One hundred years from the signing of the Emancipation Proclamation, Dr. Martin Luther King Jr. described the living conditions of the black community as “a lonely island of poverty in the midst of a vast ocean of material prosperity.” These were some of the first sentiments expressed in his famous “I Have a Dream” speech, but they have been de-emphasized in public consciousness, explains Dr. Quincy Mills, Director of Africana Studies at Vassar College.
|Dr. Quincy Mills|
Grueling non-violent action drove wins like the Civil Rights Act of 1964 and Voting Rights Act of 1965. But after the 1965 Watts rebellions, Dr. King altered his vision of a beloved community to incorporate the poor and working class, indicating freedom was nothing without power, and power was nothing without economic security, Dr. Mills says. In King’s speech “I Have Seen the Mountaintop,” he encouraged black people to leverage their collective $30 billion economy, a pointed rhetoric that intensified until his assassination.
Colin Jarvis, Executive Director of the Newburgh Ministry — a non-profit agency serving homeless and low-income individuals — sees up close what life is like for the disenfranchised. He describes it as a “constant balance on a high-tension wire.” Young people, facing staggering unemployment, develop a sharply intelligent skill set that is difficult to harness for the professional world. For perspective, Jarvis points to the number of black people in jail due to crimes of economic desperation.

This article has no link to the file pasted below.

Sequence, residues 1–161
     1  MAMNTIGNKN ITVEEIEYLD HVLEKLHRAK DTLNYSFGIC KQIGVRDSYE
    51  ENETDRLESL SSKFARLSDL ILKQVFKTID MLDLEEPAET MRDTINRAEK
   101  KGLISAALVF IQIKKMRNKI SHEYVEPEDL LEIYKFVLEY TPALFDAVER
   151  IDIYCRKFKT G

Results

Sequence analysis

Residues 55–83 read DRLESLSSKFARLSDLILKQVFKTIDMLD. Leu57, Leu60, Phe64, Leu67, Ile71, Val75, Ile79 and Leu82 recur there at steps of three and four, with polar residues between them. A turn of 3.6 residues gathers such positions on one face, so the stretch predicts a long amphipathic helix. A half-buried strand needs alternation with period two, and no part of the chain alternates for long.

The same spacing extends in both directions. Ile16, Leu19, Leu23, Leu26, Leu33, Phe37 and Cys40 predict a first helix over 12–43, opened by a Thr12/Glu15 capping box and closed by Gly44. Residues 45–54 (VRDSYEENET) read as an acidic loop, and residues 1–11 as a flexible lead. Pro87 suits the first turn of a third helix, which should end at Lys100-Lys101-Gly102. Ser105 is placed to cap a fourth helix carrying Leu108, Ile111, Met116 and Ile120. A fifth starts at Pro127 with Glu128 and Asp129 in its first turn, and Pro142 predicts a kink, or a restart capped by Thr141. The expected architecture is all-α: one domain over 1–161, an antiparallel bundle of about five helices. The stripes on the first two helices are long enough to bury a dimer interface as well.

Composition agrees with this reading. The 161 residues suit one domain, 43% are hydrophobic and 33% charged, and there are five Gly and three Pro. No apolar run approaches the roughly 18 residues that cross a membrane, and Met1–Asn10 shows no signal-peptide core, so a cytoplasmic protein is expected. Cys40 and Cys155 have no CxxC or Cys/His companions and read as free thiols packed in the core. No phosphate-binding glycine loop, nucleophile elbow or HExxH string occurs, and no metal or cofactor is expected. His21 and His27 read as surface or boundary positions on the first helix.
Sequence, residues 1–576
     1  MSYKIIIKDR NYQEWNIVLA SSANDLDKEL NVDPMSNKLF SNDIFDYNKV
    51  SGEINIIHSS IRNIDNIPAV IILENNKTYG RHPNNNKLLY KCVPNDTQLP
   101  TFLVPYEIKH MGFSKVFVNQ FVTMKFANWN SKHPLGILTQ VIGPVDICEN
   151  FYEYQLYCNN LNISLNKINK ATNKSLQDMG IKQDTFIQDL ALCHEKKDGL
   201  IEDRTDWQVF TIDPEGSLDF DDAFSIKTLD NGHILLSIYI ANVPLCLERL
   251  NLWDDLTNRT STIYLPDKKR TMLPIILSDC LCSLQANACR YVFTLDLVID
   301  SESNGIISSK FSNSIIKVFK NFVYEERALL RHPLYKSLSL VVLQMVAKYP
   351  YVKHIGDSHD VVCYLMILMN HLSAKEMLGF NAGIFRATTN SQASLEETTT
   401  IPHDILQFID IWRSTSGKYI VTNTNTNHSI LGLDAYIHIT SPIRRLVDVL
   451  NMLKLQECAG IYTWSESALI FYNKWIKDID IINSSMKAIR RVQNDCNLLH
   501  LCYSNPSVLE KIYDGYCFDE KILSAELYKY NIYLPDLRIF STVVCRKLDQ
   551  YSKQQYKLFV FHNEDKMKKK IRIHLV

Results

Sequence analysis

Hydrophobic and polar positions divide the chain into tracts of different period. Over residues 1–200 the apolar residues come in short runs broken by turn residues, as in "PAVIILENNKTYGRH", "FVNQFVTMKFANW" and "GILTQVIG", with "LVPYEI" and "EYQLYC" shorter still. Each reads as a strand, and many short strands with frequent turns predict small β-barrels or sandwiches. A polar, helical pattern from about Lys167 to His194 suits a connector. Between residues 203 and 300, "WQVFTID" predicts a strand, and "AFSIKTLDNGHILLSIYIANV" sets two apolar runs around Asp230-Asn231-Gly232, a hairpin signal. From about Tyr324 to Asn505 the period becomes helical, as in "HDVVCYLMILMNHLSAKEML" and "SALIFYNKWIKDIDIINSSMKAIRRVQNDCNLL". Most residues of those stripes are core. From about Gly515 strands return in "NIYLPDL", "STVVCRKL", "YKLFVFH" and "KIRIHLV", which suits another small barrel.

For change to take place, Jarvis urges “there have to be intentional decisions made at a systems level to deliberately break the cycle. For that to happen, and for blacks and whites to walk together hand in hand, there needs to be value given that extends beyond skin color.”
Mills recommends living wage increases to increase economic mobility. According to a report by consumer research firm Nielsen and Essence magazine, African American purchasing power will reach $1.3 trillion in coming years. If higher-income African Americans spent one of every 10 of those dollars at black-owned businesses, a million jobs could be created, according to a report by the Kellogg School of Management.
When asked what Dr. King would have thought of the Black Lives Matter movement, Dr. Mills points out that “King would likely try to get involved as he did with the Student Non-Violent Coordinating Committee, but they may not have followed him. These groups don’t necessarily want to be preached to, and we have to remember that King was a preacher.”